The treatment of the patients and parents in the SUPPORT study is particularly disturbing, because it involves very vulnerable babies and parents who most likely would go to the ends of the earth to improve the outcome for their children. Understandably, the researchers wanted to increase participation in their study–for which they needed the parents’ consent. But however well intentioned the doctors were, there is no justification for making decisions based on random assignments rather than the best interests of each individual baby. In this case, it is likely that the lack of information induced many parents to enroll their babies in the study when they would not otherwise have done so.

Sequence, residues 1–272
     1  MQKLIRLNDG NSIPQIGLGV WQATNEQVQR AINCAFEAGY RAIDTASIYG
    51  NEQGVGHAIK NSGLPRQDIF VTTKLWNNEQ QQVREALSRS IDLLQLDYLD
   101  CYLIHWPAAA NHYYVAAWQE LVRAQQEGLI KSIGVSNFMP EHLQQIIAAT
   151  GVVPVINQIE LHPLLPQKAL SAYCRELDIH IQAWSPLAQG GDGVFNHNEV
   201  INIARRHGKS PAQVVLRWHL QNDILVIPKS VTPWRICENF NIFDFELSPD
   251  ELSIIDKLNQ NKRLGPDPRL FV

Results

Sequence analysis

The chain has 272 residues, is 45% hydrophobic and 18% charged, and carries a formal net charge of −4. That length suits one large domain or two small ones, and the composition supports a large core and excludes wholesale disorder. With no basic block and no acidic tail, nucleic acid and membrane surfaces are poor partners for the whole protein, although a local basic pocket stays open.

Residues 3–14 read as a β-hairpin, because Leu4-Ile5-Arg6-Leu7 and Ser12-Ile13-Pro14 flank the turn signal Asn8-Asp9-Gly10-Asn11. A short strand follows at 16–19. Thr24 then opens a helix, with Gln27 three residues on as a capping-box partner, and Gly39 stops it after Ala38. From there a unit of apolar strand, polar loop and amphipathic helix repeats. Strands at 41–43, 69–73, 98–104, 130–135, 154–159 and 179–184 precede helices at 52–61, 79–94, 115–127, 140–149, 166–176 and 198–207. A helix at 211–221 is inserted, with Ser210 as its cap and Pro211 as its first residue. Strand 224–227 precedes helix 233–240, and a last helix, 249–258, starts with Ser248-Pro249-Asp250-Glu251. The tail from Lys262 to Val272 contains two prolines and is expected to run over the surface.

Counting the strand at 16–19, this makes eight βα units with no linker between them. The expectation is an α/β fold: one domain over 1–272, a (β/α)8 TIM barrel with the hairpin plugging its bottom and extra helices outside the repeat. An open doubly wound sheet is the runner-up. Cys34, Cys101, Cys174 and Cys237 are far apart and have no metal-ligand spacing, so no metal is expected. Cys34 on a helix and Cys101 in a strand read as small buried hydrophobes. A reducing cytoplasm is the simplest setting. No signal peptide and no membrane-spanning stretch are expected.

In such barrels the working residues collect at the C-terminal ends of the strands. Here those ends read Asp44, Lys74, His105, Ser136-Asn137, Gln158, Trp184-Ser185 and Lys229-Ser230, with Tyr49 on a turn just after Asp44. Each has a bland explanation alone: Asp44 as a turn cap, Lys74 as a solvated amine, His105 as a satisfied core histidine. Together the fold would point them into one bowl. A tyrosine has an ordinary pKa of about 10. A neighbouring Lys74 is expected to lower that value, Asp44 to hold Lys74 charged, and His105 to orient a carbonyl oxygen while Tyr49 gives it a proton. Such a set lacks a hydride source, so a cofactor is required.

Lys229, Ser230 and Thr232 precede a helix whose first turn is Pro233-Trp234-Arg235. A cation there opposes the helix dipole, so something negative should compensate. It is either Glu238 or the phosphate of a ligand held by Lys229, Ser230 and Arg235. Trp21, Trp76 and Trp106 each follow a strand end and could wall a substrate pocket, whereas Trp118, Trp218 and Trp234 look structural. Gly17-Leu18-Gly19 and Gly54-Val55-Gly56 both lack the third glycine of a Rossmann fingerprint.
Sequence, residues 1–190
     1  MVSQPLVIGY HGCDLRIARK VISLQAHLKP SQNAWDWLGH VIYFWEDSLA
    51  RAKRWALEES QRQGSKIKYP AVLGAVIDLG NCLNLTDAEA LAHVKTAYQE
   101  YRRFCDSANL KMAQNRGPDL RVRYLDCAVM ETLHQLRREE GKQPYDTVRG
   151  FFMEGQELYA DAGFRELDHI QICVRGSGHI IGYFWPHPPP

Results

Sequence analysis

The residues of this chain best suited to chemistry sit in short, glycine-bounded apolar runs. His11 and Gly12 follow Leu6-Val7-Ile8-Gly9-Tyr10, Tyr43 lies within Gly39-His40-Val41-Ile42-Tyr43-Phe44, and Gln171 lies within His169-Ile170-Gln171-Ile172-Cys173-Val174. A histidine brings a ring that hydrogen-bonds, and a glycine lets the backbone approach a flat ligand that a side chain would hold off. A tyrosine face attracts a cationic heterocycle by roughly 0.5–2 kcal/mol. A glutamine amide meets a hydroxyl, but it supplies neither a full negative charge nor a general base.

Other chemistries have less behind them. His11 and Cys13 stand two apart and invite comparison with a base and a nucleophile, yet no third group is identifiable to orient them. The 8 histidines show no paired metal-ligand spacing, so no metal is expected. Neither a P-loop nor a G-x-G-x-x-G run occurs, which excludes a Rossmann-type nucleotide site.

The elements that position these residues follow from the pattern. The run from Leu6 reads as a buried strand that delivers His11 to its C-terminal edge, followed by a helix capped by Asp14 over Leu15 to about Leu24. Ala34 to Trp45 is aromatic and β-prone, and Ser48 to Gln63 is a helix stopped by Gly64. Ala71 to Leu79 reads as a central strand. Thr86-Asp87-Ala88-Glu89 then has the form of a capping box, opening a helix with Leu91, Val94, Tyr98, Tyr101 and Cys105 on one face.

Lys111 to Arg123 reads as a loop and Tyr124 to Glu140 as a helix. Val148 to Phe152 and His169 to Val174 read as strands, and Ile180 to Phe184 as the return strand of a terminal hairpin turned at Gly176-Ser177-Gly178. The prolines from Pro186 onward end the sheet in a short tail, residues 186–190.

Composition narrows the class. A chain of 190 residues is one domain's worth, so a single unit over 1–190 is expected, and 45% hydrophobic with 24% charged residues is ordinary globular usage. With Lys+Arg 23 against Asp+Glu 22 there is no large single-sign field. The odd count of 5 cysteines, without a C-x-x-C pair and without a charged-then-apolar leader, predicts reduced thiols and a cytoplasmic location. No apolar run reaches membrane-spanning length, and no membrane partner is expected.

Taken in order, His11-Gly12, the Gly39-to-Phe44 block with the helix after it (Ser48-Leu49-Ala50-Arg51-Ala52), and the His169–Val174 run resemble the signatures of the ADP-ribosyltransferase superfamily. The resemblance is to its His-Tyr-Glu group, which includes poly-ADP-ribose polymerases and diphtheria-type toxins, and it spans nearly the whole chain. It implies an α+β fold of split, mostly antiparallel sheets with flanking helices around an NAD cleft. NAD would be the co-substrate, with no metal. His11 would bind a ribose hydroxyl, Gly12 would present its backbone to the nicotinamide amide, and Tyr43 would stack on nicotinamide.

There is no question that medical research can lead to tremendous improvements in patient care and outcome. But particularly in studies like SUPPORT, where the subjects are tiny premature babies, the institutions conducting such research must be vigilant to insure that their patients’ rights are protected. It is likely that many of the study participants’ parents are still unaware of the harm their babies faced—or even actually suffered—as a result of their decision to participate. It is never too late for the hospitals to explain to these parents what actually happened, and to try to atone for the breach of trust and, in some cases, physical damage, they have caused.